- Coral reefs are living animals, not plants.
- Coral reefs are home to almost 25% of all known marine species
- More than 500 million people worldwide depend on coral reefs for food, income, coastal protection, and more.
While it is well known that the coral reefs are at risk, many do not understand why. Unfortunately, many of the reasons the reefs are suffering are due to human actions. Human being's actions such as pollution, destructive fishing practices, and coral mining all hurt the coral reefs. Furthermore, humans have had negative impacts on the climate and the prevalence of coral diseases. Check out the list below of five ways the coral reefs are being destroyed.
5. Climate Change
As human activities cause increases in greenhouse gases, the climate changes and the ocean becomes more acidic. Rising ocean temperatures cause thermal stress and coral bleaching, increasing the risk of infectious disease spreading among the coral. Rising sea levels result in sedimentation, which smothers reefs. Changes in storm patterns lead to storms occurring at a greater strength and frequency.
4. Destructive fishing practices
Coral reefs are delicate habitats. Many fishing practices can damage them. Bottom trawling, which involves industrial trawlers dragging nets across the bottom of the ocean, can decimate coral reefs. Cyanide fishing, a method of fishing by squirting sodium cyanide around the fish to stun them, is used to catch fish live for restaurants and aquariums. A square meter of coral reef is killed for every live fish caught using cyanide. Dynamite fishing is also a huge contributor to the destruction of coral reefs. Explosives are used underwater to kill fish, which float to the surface and scooped up. Fishing gear can become lost or abandoned at sea, and ensnare reefs, fish, and other sea creatures.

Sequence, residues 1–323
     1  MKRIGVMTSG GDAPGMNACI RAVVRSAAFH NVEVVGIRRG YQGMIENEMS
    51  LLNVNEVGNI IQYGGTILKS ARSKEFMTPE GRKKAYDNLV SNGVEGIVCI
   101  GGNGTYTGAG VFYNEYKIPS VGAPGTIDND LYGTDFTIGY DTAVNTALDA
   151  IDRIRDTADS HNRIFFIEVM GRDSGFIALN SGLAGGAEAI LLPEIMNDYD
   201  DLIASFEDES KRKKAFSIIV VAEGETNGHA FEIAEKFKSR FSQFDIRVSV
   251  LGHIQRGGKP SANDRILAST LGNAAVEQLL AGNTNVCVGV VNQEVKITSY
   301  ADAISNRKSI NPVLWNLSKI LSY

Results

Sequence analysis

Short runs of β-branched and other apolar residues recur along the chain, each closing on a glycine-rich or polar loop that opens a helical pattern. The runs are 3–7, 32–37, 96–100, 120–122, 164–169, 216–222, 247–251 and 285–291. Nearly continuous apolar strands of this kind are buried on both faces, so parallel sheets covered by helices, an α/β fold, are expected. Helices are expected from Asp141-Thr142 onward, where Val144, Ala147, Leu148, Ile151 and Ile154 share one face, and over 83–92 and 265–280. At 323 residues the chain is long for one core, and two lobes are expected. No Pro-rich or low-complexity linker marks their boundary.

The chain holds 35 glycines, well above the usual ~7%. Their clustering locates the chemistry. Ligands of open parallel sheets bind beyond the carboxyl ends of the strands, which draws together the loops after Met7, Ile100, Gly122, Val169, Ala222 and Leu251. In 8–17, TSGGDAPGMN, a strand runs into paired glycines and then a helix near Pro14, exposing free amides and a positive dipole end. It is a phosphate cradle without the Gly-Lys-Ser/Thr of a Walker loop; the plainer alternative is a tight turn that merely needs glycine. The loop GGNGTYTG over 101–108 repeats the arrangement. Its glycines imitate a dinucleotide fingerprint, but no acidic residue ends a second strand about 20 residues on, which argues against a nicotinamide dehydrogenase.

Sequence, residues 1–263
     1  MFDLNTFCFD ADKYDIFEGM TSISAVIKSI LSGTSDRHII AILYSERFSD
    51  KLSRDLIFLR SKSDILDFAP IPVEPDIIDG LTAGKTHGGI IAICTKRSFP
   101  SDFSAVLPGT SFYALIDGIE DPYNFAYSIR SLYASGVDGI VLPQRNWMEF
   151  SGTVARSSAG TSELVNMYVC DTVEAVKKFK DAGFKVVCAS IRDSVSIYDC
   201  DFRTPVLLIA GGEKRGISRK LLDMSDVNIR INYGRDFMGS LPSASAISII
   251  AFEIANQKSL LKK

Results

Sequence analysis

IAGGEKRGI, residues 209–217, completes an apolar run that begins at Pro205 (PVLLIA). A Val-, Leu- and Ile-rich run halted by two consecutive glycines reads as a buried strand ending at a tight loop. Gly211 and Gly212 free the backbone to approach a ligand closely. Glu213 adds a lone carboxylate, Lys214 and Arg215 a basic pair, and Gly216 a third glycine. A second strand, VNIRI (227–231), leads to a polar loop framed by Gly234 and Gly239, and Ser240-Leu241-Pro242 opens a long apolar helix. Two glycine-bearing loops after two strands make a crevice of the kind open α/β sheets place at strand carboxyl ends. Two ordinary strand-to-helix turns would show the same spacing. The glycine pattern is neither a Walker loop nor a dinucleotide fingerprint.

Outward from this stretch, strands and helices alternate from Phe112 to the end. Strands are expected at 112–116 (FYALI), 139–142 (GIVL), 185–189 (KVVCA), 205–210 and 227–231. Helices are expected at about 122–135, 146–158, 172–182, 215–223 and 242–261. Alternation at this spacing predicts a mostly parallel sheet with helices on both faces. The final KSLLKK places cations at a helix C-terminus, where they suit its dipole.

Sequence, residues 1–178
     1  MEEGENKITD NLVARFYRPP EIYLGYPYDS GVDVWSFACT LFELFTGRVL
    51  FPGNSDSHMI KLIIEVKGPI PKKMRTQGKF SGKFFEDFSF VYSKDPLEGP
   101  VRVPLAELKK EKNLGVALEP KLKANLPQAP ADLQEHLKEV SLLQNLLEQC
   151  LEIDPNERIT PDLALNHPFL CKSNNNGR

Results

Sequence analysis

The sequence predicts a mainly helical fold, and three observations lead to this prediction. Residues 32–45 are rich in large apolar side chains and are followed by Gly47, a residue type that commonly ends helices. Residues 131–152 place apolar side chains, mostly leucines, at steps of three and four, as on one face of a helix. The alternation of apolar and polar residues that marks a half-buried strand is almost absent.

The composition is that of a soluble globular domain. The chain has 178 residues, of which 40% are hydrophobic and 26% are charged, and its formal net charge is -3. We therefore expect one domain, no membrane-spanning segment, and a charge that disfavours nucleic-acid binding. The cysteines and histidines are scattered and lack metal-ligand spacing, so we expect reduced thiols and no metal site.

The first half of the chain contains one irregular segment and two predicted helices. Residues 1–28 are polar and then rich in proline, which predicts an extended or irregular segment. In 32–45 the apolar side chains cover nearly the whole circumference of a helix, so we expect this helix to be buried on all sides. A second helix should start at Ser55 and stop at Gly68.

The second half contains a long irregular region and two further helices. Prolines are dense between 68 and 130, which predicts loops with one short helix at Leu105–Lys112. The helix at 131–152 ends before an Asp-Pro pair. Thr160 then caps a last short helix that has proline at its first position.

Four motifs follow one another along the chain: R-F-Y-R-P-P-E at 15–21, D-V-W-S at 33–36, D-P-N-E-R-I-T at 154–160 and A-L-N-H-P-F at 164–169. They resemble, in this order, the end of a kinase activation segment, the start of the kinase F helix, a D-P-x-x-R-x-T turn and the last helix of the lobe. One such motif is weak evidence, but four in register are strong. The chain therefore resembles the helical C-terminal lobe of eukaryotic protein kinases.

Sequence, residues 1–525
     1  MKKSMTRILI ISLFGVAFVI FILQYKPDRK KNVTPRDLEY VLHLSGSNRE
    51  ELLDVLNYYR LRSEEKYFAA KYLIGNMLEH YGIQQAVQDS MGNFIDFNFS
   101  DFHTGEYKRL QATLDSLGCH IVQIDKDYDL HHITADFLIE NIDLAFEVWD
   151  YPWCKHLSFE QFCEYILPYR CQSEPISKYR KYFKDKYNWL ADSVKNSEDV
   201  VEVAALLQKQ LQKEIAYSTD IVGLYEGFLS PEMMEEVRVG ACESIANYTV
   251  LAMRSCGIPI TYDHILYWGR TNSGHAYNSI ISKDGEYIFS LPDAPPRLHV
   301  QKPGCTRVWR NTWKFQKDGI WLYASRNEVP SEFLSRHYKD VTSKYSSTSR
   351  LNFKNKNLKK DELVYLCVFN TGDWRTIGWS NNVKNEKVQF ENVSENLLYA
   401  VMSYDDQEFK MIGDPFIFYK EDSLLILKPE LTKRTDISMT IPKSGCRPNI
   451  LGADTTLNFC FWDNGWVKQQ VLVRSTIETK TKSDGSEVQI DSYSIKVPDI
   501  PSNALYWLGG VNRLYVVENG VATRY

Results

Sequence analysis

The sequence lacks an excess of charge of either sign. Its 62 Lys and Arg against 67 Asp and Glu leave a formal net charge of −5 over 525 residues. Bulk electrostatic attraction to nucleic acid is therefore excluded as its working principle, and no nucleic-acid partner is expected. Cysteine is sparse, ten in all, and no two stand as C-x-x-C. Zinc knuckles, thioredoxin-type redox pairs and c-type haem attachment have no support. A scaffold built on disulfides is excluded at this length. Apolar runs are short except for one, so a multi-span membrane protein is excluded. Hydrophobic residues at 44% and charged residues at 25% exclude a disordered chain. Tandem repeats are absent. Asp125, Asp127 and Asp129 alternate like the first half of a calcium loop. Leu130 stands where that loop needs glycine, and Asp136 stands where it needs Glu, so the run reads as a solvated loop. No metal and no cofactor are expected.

Coral growth and reproduction can be negatively affected by the impacts of human pollution.
Sediment and other pollutants will dirty the water the coral reefs live in. They need clean water to survive and grow. Pollutants in the water will lower water quality, smothering coral reefs and speeding the growth of damaging algae. It may also cause changes in food structures on the reef that may be harmful.
Coastal development, deforestation, agricultural runoff, oil and chemical spills, and other land-based sources of pollution will disrupt these sensitive ecosystems.
Plastic is also a threat to coral. Plastic waste clings to the coral, sickening or killing it. Branching coral is especially vulnerable to plastic.
According to scientists, diseases often occur in coral as a response to biological stresses. Biological stresses like bacteria, fungi, and viruses can have a severe impact on the reef's health.
Diseases are also often responses to nonbiological stresses- increasing sea surface temperatures, ultraviolet radiation and pollutants will also negatively impact reef health. It is possible that the combination of biological and nonbiological stressors may worsen the effects of each other.
The prevalence of disease has increased greatly over the past ten years, leading to widespread mortality among reef-building corals.
1. Coral mining
Coral is sometimes mined for a variety of reasons. It can be used for limestone and construction materials or made into cement for new buildings. It also has a variety of medical uses: researchers use coral for bone graph clinical trials and dead coral is harvested for use in calcium supplements.
It is also taken to use for souvenirs and jewelry. In the dried ornamental trade business, coral is collected and traded for souvenirs and jewelry and often sold to tourists and exporters. Live coral is also collected for aquariums, both professional aquariums and hobbyists with fish tanks at home.